The pros didn’t need a new rule book, the amateurs just needed a simple one.

Us “locals” as the USGA refers to amateurs, do have one extremely fluid perk. When hitting a ball OB, or following a lost ball, you can drop with a two-stroke penalty instead of walking back to the tee. This of course, is dependent on your course, head professional, tournament conditions, and other factors including and not limited to what phase the moon is in.

If that’s somewhat confusing, read up, ask about your local rules, and buy a few extra sleeves. Reason being, in 2019, the limit on searching for a golf ball has been cut from five to three minutes.

2019-rules-of-golf

But wait, there’s good news.

Thanks to the USGA, if you accidentally move your ball as you frantically high-step through fescue, it’s no longer a penalty! What an exciting 180 seconds that will be!

If you somehow don’t find your golf ball in the hazard penalty area, the USGA tried to help us out, which they did, yet regrettably took away a more iconic portrait on the golf course.

The rigid, stoic stance and forceful drop of a ball at shoulder-height.

And we let it happen.

Now, we’ll watch a defeated man deliberately bend to his knees and gingerly drop his ball…Which, by the way, appears to be a convenient way for cheaters to “take a drop” that ideally doubles as “identifying my first ball”.

Don’t even get me started on the back issues this could flare up.

We heard in late 2018 that Bryson DeChambeau would use the flagstick when the odds were in his favor. He even laid it out simply for us.

“It depends on the COR, the coefficient of restitution of the flagstick.”

Simple.

We didn’t listen Bryson, we didn’t believe. We also have absolutely no clue what you’re talking about.

But hey, as Bryson would say, don’t hate the player, hate the game. Yeah, he’d clearly never say that, but here’s to hoping!

We heard he would do it, but we didn’t believe it. We had to see to believe. What we saw was DeChambeau first in strokes gained putting in the very first round he was allowed to do it.

Obviously, this trend will continue for DeChambeau, and others may join in, because what is golf if not a constant chase for a marginally better opportunity at success.

Watch your back, because those others that may join in could be closer than you think. You may turn around to find a fellow member asking for the flag on their next 12-footer.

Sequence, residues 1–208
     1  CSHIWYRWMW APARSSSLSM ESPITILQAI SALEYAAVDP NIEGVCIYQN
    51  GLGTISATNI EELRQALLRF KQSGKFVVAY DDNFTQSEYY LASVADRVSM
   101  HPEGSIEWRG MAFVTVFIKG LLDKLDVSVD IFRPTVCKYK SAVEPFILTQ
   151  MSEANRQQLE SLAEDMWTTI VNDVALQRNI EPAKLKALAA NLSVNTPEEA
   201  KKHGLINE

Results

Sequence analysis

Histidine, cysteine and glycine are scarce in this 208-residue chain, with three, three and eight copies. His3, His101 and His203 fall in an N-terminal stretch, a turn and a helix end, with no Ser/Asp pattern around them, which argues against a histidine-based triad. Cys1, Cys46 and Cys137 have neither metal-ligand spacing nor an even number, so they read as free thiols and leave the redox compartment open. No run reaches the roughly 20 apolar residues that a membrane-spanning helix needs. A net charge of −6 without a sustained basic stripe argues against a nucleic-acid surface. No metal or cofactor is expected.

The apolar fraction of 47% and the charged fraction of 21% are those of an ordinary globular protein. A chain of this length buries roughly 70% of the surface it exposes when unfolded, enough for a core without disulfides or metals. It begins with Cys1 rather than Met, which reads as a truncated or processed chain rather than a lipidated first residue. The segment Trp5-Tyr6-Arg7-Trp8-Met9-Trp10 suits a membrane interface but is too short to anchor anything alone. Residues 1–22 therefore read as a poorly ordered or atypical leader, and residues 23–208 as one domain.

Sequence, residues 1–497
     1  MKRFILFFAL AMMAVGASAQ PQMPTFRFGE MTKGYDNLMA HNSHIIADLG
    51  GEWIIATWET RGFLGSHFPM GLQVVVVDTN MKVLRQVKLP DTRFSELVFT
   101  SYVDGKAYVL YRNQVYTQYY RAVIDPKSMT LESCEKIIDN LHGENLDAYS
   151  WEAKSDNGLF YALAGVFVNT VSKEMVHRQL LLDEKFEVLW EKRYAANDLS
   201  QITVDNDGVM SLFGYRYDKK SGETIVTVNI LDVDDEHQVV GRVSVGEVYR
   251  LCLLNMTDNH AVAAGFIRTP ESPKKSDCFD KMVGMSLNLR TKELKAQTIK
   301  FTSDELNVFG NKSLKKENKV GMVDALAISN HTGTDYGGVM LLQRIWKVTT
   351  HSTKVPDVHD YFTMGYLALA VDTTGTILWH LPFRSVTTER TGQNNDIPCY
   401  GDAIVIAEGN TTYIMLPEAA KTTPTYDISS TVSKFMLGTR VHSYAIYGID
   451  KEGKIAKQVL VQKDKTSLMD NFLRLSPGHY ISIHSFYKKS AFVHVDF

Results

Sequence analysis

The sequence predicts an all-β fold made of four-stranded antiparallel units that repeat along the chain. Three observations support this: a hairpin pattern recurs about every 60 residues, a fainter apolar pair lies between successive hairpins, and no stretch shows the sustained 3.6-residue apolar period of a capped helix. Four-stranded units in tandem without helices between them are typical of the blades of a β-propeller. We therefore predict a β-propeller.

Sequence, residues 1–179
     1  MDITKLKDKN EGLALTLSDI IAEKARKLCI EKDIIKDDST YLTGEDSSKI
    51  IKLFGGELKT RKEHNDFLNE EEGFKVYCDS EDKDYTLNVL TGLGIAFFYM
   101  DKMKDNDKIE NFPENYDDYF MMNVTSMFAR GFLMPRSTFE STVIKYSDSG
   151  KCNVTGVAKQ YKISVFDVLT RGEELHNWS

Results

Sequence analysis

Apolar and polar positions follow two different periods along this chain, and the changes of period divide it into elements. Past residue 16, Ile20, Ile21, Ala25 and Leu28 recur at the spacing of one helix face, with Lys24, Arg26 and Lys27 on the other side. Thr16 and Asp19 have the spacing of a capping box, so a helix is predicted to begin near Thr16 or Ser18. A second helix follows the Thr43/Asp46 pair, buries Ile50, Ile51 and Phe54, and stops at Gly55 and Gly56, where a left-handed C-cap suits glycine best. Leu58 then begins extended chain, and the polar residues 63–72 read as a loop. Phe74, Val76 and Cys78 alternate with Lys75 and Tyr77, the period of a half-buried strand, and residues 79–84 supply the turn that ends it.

It should be a fun year of commentary and confusion at your local club and on the PGA tour. Professionals will have constant questions for rules officials, and commentators will consistently question Bryson’s methods.

There is one real question I hope is answered this April.

What will we do when Bryson banks in a downhill putt at No. 2 of Augusta?

Will we be ready? Will Augusta?

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News

Stewart Cink pens multi-year deal with Ping

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Ping Golf has announced that six-time winner on the PGA Tour, Stewart Cink, has signed a multi-year deal with the company.

The deal will see the American play a minimum of 11 Ping clubs, as he looks to end an almost decade long winless streak on the PGA Tour. Cink had previously been an equipment-free agent (having been a Nike man prior to that) although he had been using Ping clubs for the majority of the last season.

Speaking on the addition of Stewart Cink to Team Ping, company president John K. Solheim stated

“Stewart has a long track record of success and overall consistency, evidenced by his wins, top 10s in majors, and the fact that he has competed on five U.S. Ryder Cup teams and in four Presidents Cups.

“He has instant credibility, and we know him well because he has played Ping irons for many years. Our tour staff has been impressed by his professionalism and his knowledge of equipment. We’re delighted to be associated with Stewart.”

Cink will make his first start as a Ping staff player at this week’s Sony Open. According to the company, the 2009 Open Championship winner is expected to have Ping’s G400 LST driver, G400 fairways woods, i25 irons and Sigma 2 Arna putter in the bag this week at Waialae Country Club.

No details of the financial terms of the arrangement have been disclosed.

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Equipment

Charles Howell III’s winning WITB: 2018 RSM Classic

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Driver: Titleist TS3 (10.5 degrees)
Shaft: Mitsubishi Tensei AV Blue 65

Fairway woods: Titleist TS2 (15, 21 degrees)
Shafts: Fujikura ATMOS Tour Spec Black 8X, Fujikura ATMOS Tour Spec Black 9X

Irons: Titleist 718 T-MB 4-iron, Titleist 718 AP2 (5-7), Titleist 718 CB (8-PW)
Shafts: Project X LZ 6.5 (hard stepped)

Wedges: Vokey SM7 (52, 56, 60 degrees)
Shafts: True Temper Dynamic Gold S400

Putter: TaylorMade Spider Tour Red

Grips: Golf Pride Tour Velvet Align

Ball: Titleist Pro V1 (proto)

SEA ISLAND, GA – NOVEMBER 17: Charles Howell lll tees off on the eighth hole tee box during the third round of The RSM Classic at the Sea Island Resort Seaside Course on November 17, 2018 in Sea Island, Georgia. (Photo by Ben Jared/PGA TOUR)

RELATED: See what members are saying about CH III’s equipment in the forums.

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19th Hole